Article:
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Thread: Advice on my first Samurai Sword

  1. #1

    Advice on my first Samurai Sword

    Hi all at SFI,

    I'm very knew to bladed weapon collecting and so far i have only bought a couple of fantasy display daggers. But now i want to buy my 1st real Katana. I see no point in picking up a cheap punched steel Anime sword with a rubbish rats tail tang that will break after one swing. What i'm after is functional "battle ready" Katana at a reasonable price that is made of high quality carbon steel with a full tang that can be used for blade practice (cutting grass mats, water bottles etc). I've found a website here in England that seems to have exactly what i'm looking for. If i post a few links, would you good people please tell me if they are good swords and if they will do the job i'm after... Thanks

    http://www.real-swords.co.uk/index.p...roducts_id=881

    http://www.real-swords.co.uk/index.p...roducts_id=878

    http://www.real-swords.co.uk/index.p...roducts_id=873

    http://www.real-swords.co.uk/index.p...roducts_id=875

  2. #2
    Join Date
    Sep 2006
    Location
    Järvenpää, Finland
    Posts
    3,241
    Hi, and welcome to SFI.

    Those swords show a lot of tell-tale signs that scream "stay away", I would advise that you do just that. If you could specify your price-range then folks here could make suggestions on where you could/should go.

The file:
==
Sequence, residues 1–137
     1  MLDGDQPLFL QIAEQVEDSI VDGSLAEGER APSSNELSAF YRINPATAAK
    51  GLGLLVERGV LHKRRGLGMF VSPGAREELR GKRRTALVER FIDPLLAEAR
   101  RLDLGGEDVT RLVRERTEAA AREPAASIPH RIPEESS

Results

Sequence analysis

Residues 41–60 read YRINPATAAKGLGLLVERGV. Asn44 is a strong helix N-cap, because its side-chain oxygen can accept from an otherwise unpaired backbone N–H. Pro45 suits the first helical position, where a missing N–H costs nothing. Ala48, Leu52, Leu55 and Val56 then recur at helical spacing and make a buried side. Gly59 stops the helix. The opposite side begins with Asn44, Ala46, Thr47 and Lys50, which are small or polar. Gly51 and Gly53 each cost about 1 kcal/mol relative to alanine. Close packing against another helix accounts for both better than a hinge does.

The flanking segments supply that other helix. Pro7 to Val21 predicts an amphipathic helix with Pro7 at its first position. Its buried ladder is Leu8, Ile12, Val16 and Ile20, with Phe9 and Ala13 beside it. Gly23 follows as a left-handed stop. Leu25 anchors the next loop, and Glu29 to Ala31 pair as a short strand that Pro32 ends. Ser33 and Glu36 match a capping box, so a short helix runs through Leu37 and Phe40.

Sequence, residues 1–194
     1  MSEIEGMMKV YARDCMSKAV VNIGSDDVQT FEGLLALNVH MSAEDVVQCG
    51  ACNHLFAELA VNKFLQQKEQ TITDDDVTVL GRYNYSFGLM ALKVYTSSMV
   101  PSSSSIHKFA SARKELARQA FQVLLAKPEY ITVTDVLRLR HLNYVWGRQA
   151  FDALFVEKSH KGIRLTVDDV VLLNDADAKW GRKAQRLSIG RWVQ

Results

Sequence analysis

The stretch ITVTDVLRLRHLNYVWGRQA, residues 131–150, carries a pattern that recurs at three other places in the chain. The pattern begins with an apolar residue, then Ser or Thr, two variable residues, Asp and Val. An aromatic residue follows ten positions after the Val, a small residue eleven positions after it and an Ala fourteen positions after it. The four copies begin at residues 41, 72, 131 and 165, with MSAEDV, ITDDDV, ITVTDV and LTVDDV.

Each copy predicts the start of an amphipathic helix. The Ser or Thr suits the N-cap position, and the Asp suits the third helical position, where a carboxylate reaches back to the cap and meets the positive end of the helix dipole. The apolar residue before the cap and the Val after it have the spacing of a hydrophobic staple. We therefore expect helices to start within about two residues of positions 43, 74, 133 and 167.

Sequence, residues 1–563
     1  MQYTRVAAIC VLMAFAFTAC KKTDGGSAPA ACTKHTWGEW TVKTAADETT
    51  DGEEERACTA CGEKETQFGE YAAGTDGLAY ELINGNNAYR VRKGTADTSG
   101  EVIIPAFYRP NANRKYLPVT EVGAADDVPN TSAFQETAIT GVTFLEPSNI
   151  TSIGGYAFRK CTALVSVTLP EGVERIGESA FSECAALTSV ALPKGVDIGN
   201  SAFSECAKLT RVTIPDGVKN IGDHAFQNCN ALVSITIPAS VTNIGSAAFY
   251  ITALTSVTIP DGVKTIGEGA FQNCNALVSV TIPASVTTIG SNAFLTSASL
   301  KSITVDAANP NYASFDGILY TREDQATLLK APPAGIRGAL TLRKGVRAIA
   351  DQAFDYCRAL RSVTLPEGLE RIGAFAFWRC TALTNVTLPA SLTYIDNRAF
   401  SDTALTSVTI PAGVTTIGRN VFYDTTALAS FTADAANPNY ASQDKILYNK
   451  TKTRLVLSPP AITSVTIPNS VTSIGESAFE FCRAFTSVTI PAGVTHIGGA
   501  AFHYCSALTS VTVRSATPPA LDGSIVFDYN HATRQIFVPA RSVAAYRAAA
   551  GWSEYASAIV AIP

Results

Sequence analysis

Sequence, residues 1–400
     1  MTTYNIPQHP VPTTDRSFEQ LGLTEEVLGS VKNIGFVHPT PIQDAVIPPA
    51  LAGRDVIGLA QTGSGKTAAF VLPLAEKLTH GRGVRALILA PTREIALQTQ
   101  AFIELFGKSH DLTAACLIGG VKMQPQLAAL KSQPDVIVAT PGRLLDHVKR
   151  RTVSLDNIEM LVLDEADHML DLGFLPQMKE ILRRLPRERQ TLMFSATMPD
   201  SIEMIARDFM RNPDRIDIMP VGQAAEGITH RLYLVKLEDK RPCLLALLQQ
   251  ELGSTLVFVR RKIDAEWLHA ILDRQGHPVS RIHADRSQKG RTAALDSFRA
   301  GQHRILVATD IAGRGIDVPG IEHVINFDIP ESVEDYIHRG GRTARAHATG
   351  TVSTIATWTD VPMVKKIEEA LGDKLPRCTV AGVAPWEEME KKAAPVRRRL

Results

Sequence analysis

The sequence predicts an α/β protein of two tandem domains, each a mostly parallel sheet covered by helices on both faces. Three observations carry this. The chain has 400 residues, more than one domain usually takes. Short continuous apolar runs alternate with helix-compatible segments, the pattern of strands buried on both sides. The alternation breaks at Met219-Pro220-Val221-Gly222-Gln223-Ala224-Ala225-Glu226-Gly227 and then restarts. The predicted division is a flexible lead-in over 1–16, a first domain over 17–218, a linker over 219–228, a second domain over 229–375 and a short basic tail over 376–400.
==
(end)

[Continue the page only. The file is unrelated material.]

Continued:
Certified nerd; if you need an Excel sheet or an AutoCAD drawing done, just drop me a PM!

  3. #3
    Personally I recommend Sword Buyers Guide, my first katana was one of their customs and I was very happy with both the sword and the service. Even if you don't want one of their swords they have a lot of reviews and recommendations for cheap katana.

  4. #4
    Join Date
    Nov 2011
    Location
    Boston
    Posts
    216
    I like what Fletcher said. I have looked at SBG and considered purchasing through them, but I went in a different direction and that journey is still ongoing.

    That said, be careful with your sword, don't start cutting stuff and swinging it around without any training. Find a local Iaido club and learn by using a wood bokken. Take your time, then when you are ready you can practice cutting in a safe and disciplined manner.

  5. #5
    When buying a functional samurai sword you should always look up for the three factors, that is the type of steel used (and it's heat treatment), the structural integrity of the handle and (of course) it's sharpness. All these three points are very necessary if you are buying a real samurai sword. For if you want it for ceremonial purpose then I don't think so you should spend so much money on its looks.

  6. #6
    Quote Originally Posted by Russ Carswell View Post
    When buying a functional samurai sword you should always look up for the three factors, that is the type of steel used (and it's heat treatment), the structural integrity of the handle and (of course) it's sharpness. All these three points are very necessary if you are buying a real samurai sword. For if you want it for ceremonial purpose then I don't think so you should spend so much money on its looks.
    With that being said, price point is also a big factor when buying katanas. You truly do get what you pay for. Good luck!

  7. #7
    These links which you had mentioned are quite good and with this you can also go with Windlass swords.They are also a authentic manufacturer of all kinds of swords.

  8. #8
    Oh dear......If you do your research properly, then you would be able to purchase very decent and not expensive katana for about $5-$9000 US.

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